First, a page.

Harvey Aluminum (Los Angeles)

Harvey Aluminum was founded in Los Angeles, California, in 1914 by a Lithuanian immigrant who was fleeing czarist Russia. The company developed many patented tools, processes, and products involving aluminum, including the pop-top aluminum can. This ingenuity landed the company many clients, including Bendix, the Republic Steel Company, and the United States Steel Company. Unfazed by the Great Depression, Harvey Aluminum continued to grow, became incorporated in 1942 and rode out the war years supplying essential material for the war effort. Harvey Aluminum was listed as a Fortune 500 company, rising to number 421 at its peak in 1969. The original company was purchased in 1972 by Martin-Marietta.

In addition to its extensive plant property in the Los Angeles area, Harvey Aluminum began to expand its industrial reach beginning in 1963. The company constructed an aluminum rolling mill in the town of Lewisport, Kentucky, that was capable of processing an annual capacity of 110,000 tons of aluminum. As the firm continued on its mission to become a fully vertically integrated company, Harvey Aluminum constructed a plant in Washington State that was designed to convert bauxite to alumina. Requiring a source of bauxite, the company then purchased a production plant on the island of St. Croix. The synergy between these two operations allowed Harvey Aluminum to profitably create 100,000 tons of product in 1972 when the Washington facility was completed.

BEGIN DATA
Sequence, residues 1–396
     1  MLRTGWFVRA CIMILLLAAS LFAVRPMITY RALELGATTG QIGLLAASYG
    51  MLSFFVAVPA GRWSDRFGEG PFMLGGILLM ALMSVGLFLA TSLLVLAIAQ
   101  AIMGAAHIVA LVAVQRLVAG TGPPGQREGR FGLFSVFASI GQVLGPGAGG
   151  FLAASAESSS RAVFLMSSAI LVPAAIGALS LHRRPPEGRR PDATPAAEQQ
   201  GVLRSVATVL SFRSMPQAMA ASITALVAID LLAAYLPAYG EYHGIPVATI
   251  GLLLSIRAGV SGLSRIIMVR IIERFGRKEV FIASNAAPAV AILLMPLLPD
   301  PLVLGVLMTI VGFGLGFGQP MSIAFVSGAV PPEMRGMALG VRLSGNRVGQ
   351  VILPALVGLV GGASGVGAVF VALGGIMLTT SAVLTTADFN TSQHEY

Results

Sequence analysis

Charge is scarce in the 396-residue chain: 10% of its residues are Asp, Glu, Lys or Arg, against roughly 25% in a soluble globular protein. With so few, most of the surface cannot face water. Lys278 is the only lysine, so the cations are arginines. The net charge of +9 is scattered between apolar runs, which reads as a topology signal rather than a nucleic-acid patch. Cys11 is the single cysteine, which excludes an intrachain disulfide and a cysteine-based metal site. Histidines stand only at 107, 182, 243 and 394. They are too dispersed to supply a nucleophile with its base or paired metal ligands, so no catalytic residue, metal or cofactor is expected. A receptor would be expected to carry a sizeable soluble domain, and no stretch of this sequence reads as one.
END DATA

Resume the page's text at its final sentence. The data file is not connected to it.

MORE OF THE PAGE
Now known as Columbia Aluminum, the plant at the John Day Dam in Washington has been cited by the Environmental Protection Agency as an area that has been extensively contaminated with industrial chemicals and by-products. Both land and groundwater have been found to contain unacceptable levels of carcinogens.

In addition to these pollutants, Harvey Aluminums plants, like those of many metal works factories, likely contained asbestos. This natural material is known for its resistance to heat and fire. Because the manufacture of aluminum requires intensely high temperatures, workers in the industry wore garments woven with asbestos fibers. Asbestos was also a regular ingredient in the insulation wrapped around pipes and boilers to protect against fire and heat damage. Asbestos exposure has been associated with lung disease, lung cancer, and mesothelioma, a cancer of the outer lining of the lungs.